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Jitterbug Like an Aphid

Wednesday, February 13th, 2013

(Video: Woolly aphids dancing on a beech tree at the Smithsonian Environmental Research Center. Credit: Tyler Bell/SERC)

Any creature with the word “blight” in its name can hardly escape being labeled a pest. Beech blight aphids are no exception. Like mosquitoes of the tree world, aphids have a vampirical tendency to suck the sap out of trees they colonize, and–while they do not usually kill the entire tree–they can take out some of its smaller branches.

But like all names, pest is a matter of perspective. And aphids have evolved some redeeming qualities as well. Not least is their peculiar ability to dance in the face of danger.

This quirk has earned them a more endearing nickname: the boogie-woogie aphid. Whenever aphids feel threatened, they raise their rear ends and sway, sometimes hundreds or thousands at a time. Up close their abdomens resemble white feather dusters. It’s a defensive dance meant to ward off predators. But in a flip of the natural order, it’s generally the children–not the adults–who do the defending. If larger creatures like moth larvae get too close, young aphid nymphs spin around and sting the predators with the same stylet mouth pieces they use to drain the beech branches.

And while aphids mean death for small tree branches, for other creatures they give life. After drinking the tree’s sap, aphids excrete it as sweet-smelling honeydew. Ants and other insects flock to it for the nutritious sugar. So do fungi, which rapidly colonize the honeydew and turn it into black sooty mold. Unlike the aphids, the fungi do not penetrate the tree’s surface. Some researchers doubt whether beech blight aphids have any serious effect on the tree’s health, other than producing “vast amounts of aesthetically displeasing sooty mold.” Which would make the name beech blight aphid, though technically accurate, a bit unjust.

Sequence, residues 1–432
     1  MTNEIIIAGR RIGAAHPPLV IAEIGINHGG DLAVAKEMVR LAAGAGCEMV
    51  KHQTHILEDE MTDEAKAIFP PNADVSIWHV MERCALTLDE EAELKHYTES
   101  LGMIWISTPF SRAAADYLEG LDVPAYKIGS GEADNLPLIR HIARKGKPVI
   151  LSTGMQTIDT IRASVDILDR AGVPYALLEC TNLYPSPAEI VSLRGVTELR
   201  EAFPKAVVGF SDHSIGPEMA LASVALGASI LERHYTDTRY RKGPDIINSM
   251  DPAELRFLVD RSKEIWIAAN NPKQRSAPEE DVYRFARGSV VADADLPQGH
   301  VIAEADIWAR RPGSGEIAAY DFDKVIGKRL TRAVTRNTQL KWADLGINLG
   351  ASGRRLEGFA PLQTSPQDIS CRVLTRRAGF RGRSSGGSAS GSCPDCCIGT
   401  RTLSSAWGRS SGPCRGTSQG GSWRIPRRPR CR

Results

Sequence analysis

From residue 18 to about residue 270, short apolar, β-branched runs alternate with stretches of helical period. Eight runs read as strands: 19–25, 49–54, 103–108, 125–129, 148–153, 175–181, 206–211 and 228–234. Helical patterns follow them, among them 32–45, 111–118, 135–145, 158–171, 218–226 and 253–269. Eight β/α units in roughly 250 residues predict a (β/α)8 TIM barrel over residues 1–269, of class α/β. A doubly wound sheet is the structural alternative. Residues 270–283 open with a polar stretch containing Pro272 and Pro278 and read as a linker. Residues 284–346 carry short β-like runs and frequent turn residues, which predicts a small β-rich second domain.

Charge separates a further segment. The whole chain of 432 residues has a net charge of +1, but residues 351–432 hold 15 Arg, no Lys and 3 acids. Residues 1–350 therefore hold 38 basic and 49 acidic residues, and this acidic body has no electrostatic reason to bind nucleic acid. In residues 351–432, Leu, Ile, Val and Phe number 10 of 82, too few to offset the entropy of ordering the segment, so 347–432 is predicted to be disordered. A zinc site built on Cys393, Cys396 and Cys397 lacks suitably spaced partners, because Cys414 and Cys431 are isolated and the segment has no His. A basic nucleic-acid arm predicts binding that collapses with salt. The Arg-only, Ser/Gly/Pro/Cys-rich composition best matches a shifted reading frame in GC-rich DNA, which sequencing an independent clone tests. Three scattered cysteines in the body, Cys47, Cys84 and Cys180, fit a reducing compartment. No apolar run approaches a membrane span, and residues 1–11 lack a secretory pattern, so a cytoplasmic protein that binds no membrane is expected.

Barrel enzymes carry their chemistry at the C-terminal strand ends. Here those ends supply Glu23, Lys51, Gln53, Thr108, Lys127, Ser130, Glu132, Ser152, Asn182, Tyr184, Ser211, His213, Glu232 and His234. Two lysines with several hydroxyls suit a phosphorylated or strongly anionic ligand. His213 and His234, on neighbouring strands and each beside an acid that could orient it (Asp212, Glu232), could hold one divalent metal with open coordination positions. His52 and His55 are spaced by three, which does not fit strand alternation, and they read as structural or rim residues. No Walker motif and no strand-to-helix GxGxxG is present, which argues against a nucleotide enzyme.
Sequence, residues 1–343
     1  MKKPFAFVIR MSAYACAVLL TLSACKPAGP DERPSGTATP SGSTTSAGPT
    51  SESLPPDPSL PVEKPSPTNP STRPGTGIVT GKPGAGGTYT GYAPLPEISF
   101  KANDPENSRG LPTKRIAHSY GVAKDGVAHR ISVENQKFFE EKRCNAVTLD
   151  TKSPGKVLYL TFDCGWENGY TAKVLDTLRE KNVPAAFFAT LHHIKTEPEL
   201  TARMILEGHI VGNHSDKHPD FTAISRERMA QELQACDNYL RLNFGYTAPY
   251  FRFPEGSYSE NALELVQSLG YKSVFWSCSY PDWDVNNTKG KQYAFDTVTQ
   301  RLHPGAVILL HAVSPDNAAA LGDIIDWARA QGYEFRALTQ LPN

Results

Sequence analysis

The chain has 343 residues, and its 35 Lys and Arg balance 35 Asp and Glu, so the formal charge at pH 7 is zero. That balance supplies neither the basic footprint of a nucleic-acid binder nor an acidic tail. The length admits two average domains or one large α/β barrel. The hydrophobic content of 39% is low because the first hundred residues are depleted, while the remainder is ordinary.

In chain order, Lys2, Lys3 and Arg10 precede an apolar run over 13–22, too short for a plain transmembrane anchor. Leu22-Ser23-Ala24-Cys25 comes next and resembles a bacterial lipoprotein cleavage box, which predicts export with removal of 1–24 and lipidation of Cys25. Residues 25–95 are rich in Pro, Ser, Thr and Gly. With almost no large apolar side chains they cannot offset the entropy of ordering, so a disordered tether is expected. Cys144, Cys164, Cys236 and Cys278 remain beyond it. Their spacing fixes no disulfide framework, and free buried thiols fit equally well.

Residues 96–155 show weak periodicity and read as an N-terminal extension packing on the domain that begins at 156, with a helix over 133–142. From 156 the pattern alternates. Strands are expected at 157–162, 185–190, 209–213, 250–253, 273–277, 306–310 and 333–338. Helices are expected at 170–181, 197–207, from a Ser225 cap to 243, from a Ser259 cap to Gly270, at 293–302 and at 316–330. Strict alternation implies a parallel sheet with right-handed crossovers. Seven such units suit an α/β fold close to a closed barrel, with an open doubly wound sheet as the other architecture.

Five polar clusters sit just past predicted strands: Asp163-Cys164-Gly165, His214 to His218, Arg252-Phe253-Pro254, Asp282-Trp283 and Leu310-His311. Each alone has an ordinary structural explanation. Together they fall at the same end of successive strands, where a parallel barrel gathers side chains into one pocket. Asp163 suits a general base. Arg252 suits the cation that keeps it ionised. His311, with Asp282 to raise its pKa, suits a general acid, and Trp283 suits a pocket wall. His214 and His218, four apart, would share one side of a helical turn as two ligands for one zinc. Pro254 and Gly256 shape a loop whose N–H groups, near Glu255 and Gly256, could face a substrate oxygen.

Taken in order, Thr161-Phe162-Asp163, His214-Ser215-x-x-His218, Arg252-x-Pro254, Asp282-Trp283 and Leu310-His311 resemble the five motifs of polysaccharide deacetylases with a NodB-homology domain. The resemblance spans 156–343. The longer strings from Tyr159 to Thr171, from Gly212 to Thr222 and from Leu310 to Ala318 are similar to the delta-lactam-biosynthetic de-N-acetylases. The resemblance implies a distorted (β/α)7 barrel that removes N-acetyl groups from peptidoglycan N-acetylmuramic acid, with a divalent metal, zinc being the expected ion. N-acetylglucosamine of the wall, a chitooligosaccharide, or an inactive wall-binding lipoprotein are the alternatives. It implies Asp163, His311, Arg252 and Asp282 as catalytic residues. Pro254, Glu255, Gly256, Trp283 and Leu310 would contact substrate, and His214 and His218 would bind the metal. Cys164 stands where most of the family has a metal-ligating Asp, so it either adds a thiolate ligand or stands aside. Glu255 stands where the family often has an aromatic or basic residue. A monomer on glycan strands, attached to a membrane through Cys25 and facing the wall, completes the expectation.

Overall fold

As one reader pointed out, “woolly aphid” and “beech blight aphid” do not mean the same thing. “Beech blight aphid” refers to the species Grylloprociphilus imbricator. “Woolly aphid” is a broader name that includes beech blight aphids and other aphids that secrete waxy threads to resemble wool. The video above shows woolly aphids that are probably beech blight aphids.

Lost Turkey Abandoned in Nature Preserve

Friday, December 21st, 2012

by Kristen Minogue

A white pickup truck prepares to carry Tuck to a nearby farm. Tuck, a bronze heritage turkey, was discovered wandering alone on SERC property last week. His friendliness around people made staff suspect he was an abandoned pet. (Marvin Dorsey)

The following is a true story about how not to break up with a pet. Tuck (left) is a domestic turkey who found himself alone in the woods, presumably abandoned by his keeper and half-starved when SERC security discovered him last Thursday.

It’s not uncommon to hear about pets left on the sides of streets or in vacant houses when their owners, for one reason or another, decide they’re no longer able to keep them. These stories usually involve dogs, cats or the occasional boa constrictor. In their defense, some owners may believe their pets will be able to fend for themselves in the wild. The owner who dropped off Tuck may have been operating under a similar assumption. Unfortunately the assumption is almost always false.

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From the Field: Game Plan for Panama

Thursday, December 6th, 2012

by Kristy Hill, SERC marine invasions technician

Katrina Lohan packs rubber gloves, Ziploc bags and other field essentials for a science expedition. (Kristy Hill)